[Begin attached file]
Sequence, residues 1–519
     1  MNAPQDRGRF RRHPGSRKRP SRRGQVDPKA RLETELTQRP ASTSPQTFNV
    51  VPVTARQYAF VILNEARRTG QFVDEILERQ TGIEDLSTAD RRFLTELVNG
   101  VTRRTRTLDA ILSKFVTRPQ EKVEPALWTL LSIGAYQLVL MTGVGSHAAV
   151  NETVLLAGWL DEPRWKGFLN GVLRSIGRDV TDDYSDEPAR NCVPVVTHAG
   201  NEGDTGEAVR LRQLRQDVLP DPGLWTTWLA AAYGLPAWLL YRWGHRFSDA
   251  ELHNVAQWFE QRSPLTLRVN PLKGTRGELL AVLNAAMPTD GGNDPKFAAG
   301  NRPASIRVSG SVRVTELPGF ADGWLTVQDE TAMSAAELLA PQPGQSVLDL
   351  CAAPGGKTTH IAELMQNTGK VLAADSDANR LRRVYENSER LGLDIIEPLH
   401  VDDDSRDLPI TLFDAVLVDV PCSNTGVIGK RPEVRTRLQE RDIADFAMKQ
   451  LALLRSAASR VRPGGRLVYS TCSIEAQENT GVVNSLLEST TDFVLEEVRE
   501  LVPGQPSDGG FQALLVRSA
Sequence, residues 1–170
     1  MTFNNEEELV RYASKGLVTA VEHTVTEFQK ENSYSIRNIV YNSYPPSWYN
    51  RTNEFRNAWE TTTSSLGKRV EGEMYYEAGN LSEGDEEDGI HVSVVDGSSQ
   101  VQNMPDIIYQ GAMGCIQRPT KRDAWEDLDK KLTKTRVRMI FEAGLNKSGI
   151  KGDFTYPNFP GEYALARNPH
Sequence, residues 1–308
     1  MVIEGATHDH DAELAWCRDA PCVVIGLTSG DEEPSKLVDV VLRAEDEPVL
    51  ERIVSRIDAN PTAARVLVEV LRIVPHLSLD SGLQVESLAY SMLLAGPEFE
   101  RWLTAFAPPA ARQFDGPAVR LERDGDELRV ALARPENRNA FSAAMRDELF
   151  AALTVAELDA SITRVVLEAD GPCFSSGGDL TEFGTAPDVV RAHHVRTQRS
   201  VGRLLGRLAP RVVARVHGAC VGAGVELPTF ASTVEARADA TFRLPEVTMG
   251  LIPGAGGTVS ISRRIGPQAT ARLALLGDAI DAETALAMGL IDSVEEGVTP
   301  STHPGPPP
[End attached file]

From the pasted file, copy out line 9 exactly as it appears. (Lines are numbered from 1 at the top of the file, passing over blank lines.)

   351  CAAPGGKTTH IAELMQNTGK VLAADSDANR LRRVYENSER LGLDIIEPLH